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Savages @ The Echo

  • By BC Gibson Author Avatar
  • 29 April 2013

Savages @ The Echo

           When I bought tickets for Savages, I’d only heard two of their songs, “She Will“ and “Husbands“; otherwise I was ignorant, I hadn’t read any reviews or watched any clips.  The only other bit of information I had was a quote from their website, repeated by one of the DJ’s on SiriusXMU: “Music and words are aiming to strike like lightning, like a punch in the face.”  Hearing that, I thought, SOLD.

            I did love the two songs I had heard, but even if I’d only liked them (or capital L Liked them), I would have bought tickets, if only to test the band’s statement, and see for myself if it was hyperbole.  If it wasn’t, if the band could back those words up, the show would surely be epic.   

          And as it turned out, Savages weren’t joking around.  Their show was ridiculously good, and I was stoked that I’d been there to see them.  I appreciated that outcome all the more since it had almost not come off: I’d had other plans that night, and it was only when my other plans fell through that I was free and able to see Savages.  Predictably, that unfortunate outcome--NO Savages--would have been due to the influence of a woman. 

            So, right before I bought my tickets for the show, I asked this particular woman if she would like to accompany me.  She said yes; I made the purchase.  Those plans stood for about an hour, before she texted me because she’d remembered that she already had plans for that night.   She’d forgotten the tickets she already had to see Passion Pit, that very night!  To emphasize her sincere regret, sorry was spelled in CAPS.

            I texted back and said it was “all good“, and that I’d see if I could offload my extra ticket (I was still going), and maybe even sell it for a profit.  That was the plan for the next hour, and then she asked if I wanted to go see Passion Pit with her, instead.  Whoever she’d asked beforehand had gone and flaked on her.  Imagine.  Not knowing what I was sacrificing with the choice, I told her yes.  I’d sell all my Savages tickets and go see Passion Pit with her.      

            That plan stood for a few days, but as I probably should have expected, it too was eventually retracted.  And with that evening’s undoing went the likelihood of any future plans involving that woman.  Good news then, because I would be free to go to Savages after all!  And happily, thanks to greediness, the high price I’d set for my tickets on Stubhub had warded off any potential buyers.  The tickets were still mine and I was going.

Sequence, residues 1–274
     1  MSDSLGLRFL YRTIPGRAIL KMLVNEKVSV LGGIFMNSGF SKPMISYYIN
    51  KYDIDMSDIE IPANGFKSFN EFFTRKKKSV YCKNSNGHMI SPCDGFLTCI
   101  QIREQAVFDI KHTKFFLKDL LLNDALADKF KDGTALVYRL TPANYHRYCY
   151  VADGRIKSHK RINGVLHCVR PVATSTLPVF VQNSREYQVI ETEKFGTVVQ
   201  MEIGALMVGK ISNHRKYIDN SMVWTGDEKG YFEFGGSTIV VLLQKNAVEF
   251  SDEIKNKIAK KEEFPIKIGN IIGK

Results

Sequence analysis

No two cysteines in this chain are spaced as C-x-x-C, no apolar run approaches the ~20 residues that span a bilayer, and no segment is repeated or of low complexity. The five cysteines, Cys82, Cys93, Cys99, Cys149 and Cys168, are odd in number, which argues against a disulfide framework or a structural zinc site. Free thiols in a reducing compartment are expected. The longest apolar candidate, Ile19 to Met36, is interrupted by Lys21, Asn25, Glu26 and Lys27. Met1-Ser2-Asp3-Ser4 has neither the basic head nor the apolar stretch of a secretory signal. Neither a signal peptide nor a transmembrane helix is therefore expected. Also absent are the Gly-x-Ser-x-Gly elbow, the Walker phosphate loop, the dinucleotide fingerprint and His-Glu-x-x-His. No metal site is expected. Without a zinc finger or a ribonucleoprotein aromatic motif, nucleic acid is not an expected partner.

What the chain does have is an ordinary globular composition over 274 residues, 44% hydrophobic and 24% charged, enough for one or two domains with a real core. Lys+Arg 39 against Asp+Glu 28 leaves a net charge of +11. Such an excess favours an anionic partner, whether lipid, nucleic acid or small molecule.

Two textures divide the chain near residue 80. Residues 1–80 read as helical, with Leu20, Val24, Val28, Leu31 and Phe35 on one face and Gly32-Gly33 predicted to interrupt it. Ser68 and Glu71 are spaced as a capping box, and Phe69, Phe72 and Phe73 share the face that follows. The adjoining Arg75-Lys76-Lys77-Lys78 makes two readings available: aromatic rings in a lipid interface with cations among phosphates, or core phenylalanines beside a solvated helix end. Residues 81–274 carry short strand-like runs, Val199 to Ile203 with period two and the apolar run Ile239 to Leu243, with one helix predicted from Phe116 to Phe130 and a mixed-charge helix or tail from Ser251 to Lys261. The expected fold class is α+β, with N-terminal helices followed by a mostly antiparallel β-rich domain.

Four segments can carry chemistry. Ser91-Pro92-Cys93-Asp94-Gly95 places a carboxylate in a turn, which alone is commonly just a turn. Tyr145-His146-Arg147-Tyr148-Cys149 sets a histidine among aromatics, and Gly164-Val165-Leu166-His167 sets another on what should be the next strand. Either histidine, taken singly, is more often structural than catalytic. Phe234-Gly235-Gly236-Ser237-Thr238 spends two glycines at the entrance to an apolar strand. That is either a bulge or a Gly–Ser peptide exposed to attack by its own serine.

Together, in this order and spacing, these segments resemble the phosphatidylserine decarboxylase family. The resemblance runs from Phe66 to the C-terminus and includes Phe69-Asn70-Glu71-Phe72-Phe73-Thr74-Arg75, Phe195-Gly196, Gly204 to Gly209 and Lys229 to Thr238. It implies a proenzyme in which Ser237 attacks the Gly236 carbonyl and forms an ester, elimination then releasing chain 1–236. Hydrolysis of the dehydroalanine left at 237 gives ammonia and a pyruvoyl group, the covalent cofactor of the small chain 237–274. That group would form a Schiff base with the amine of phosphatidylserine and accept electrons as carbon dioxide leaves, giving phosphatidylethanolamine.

In the meantime, I trolled the internet for more Savages, but there was precious little to be found.  There were three officially released songs, the two mentioned and “Flying to Berlin”, and then a few random ones, the sound of which were suspect.  I was eager to hear more, because I was very impressed with “She Will”.  It is an early, early candidate for my favorite song of the year, both musically and lyrically.  This is how it starts: 

She will enter the room / She will enter the bed / She will talk like a friend / She will kiss like a man / She will fuck other men / She will come back again / Get hooked on loving hard, / Forcing the slut out…

          These words are especially powerful in the voice of lead singer Jehnny Beth, sung with an intensity that is both alluring and unsettling. 

Yeah, you've got to get used to it / And give your heart a little kick; / She will, she will / She will, she will…

          She will?  You think?  What’s her number?  I mean, my heart did need a little kick, what with my Passion Pit date falling off the proverbial cliff and all.  So I gave my extra Savages to my brother, and the two of us went together on a Thursday night.  

            We arrived in the middle of the opener’s set, who was called No Bra.  I’d had a brief listen to their music beforehand, and it had sounded pretty inaccessible.  Really, it was hard to tell whether the music was good or bad, because its bizarreness defied traditional judgments.  And the live performance followed suit.  It too was bizarre, especially as No Bra was also no shirt, performing her set entirely topless.  Now, it seems only reasonable to conceive that the girl does, in the course of her day, wear the occasional shirt, the occasional blouse; but, it seemed as if she’d been living by her project’s name for many years.  To quote a sad song from my youth, “gravity always wins”.